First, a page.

Endocrine Abstracts (2015) 38 P150 | DOI: 10.1530/endoabs.38.P150

Follow up of differentiated thyroid cancer survivors during pregnancy: a retrospective analysis

Rhodri King, Medha Rathod & Emma Ward

Leeds Teaching Hospitals NHS Trust, Leeds, UK.

Differentiated thyroid cancer (DTC) is common in female patients of reproductive age and generally has a good prognosis and so many patients may become pregnant following treatment. Progression of DTC during pregnancy has been reported and may relate to thyroid stimulation by human chorionic gonadotropin (hCG). Until recently suppression of thyrotropin (TSH) by supraphysiological doses of levothyroxine was indicated for all patients following thyroidectomy and radioiodine ablation for DTC. We retrospectively analysed 31 patients during pregnancy between 2008 and 2014 following successful treatment of DTC to determine 1) changes in thyroglobulin (TG) levels during pregnancy and 2) the effect of TSH suppression on birth weight.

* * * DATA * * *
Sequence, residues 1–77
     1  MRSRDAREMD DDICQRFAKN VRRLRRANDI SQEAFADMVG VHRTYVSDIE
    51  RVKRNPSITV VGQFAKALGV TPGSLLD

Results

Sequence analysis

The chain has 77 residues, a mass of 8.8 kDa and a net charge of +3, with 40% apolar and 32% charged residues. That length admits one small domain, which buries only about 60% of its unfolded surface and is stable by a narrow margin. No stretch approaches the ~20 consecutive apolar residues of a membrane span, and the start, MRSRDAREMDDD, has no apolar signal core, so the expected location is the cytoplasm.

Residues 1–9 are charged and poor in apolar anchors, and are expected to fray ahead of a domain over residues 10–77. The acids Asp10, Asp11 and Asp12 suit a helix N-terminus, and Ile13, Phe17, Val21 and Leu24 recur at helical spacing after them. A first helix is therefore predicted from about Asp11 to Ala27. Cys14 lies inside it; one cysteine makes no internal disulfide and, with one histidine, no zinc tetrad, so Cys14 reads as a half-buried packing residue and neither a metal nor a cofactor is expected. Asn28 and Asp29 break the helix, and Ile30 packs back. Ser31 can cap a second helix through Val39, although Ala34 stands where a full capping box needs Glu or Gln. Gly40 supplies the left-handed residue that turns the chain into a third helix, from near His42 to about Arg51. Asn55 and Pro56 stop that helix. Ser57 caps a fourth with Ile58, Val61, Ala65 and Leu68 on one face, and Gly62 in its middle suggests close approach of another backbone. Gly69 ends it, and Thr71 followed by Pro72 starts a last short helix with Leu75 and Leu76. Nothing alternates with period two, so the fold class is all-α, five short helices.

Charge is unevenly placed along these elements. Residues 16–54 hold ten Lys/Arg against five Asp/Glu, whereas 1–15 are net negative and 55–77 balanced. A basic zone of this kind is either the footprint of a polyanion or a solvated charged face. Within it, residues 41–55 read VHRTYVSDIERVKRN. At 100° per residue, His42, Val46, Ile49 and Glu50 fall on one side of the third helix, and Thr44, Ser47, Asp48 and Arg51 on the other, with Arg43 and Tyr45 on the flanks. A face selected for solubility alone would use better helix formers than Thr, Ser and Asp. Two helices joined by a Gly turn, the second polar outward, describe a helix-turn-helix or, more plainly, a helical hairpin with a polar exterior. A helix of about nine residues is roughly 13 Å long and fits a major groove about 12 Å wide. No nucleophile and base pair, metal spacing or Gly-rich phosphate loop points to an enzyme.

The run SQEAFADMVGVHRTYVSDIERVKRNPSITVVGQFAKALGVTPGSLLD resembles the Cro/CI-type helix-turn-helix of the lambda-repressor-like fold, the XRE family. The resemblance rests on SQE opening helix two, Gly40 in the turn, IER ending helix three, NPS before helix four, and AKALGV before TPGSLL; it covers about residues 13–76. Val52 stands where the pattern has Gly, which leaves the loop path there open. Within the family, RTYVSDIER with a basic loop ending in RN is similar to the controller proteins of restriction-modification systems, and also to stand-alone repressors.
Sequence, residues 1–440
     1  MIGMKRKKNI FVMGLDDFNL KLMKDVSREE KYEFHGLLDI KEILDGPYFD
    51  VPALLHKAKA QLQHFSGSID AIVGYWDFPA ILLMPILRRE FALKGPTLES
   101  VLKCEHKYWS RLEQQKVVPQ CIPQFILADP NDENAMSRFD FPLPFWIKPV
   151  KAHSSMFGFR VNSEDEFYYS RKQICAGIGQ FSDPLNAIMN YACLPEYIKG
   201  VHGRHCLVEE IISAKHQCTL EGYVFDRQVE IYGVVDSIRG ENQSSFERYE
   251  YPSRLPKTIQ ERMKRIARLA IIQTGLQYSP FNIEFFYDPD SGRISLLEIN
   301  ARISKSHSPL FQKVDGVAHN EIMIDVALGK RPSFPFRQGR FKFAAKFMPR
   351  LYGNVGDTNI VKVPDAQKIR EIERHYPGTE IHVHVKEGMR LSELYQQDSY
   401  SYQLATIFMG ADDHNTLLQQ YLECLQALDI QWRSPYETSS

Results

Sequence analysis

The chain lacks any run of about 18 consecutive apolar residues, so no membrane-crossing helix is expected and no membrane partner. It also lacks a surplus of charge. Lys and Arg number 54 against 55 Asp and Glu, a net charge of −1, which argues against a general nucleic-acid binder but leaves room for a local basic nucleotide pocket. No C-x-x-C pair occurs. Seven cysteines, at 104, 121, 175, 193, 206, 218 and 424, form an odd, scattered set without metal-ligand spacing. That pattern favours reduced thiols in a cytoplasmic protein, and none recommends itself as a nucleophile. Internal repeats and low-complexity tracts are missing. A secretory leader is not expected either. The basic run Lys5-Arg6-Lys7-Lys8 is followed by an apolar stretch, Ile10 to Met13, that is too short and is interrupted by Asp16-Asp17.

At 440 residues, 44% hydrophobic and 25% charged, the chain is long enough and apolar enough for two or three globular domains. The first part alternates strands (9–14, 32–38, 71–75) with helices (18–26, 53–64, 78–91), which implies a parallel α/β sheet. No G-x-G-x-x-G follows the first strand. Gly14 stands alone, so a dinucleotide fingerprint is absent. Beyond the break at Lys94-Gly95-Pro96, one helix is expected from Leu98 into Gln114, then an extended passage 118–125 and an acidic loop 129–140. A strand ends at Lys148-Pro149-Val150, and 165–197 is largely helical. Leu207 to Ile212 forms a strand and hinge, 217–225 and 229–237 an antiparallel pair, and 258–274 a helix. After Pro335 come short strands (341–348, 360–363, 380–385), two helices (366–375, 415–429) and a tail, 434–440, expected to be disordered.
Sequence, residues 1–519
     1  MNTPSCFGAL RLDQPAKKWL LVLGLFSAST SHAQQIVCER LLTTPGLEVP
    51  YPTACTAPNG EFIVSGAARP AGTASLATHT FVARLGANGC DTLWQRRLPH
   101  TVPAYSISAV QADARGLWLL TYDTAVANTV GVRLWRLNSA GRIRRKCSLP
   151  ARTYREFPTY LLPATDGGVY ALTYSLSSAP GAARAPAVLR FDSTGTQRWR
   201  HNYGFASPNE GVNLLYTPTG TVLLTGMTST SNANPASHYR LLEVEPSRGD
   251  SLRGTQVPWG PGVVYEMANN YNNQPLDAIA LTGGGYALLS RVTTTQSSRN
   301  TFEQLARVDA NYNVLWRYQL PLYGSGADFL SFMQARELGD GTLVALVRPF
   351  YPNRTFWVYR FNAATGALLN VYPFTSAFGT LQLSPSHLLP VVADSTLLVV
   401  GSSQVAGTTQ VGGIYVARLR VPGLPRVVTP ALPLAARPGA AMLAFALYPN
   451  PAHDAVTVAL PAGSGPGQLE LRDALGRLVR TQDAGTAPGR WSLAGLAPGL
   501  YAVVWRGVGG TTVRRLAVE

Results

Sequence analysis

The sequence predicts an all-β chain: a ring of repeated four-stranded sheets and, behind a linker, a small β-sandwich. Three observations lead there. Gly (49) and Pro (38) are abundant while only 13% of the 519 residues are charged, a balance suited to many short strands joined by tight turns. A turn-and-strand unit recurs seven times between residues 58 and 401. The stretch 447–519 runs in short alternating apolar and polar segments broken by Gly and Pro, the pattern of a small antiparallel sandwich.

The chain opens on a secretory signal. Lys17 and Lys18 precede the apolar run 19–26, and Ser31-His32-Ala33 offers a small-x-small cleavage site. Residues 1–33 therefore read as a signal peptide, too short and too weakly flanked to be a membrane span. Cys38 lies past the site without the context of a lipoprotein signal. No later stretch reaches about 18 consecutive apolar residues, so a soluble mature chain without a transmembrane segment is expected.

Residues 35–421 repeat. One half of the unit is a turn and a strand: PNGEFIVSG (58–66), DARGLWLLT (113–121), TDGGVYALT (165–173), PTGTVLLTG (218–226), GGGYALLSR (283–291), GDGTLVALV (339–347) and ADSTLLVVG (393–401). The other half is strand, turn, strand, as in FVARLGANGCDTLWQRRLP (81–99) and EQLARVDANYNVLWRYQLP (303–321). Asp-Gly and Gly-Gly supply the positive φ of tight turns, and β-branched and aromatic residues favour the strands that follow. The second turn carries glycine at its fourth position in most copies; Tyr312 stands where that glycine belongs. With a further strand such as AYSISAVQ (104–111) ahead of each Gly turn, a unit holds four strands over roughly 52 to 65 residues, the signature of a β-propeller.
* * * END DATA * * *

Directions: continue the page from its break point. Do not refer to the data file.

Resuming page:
Thyroglobulin measurements during pregnancy were available in 28/31 patients, of which 26 remained suppressed, defined as TG <0.90 μg/l. One patient had elevated levels prior to pregnancy with no significant increase during follow up (2.35 μg/l to 2.94 μg/l) and one patient had a rise in TG (0.48 μg/l to 1.65 μg/l), with no evidence of recurrence on neck ultrasound and a return to baseline levels following delivery. TSH levels were lower in the third trimester compared to first and second, with 69%, 89% and 97% achieving levels <0.2miu/l respectively in each trimester. The mean free T4 levels were similar in each trimester (19.6±0.6 pmol/l, 18.5±1pmol/l and 19.8±0.4 pmol/l respectively). Delivery weight was available for 20 pregnancies with a mean birth weight of 3.5±0.6 kg, which is similar to the UK national average.

In our cohort of patients there was no evidence of DTC relapse during pregnancy and routine monitoring of TG levels in pregnancy may not be necessary unless pre-conception TG levels are elevated. Suppression of TSH levels did not affect birth weight, and if required during pregnancy, should not adversely affect outcome provided free T4 levels are maintained within the normal reference range.

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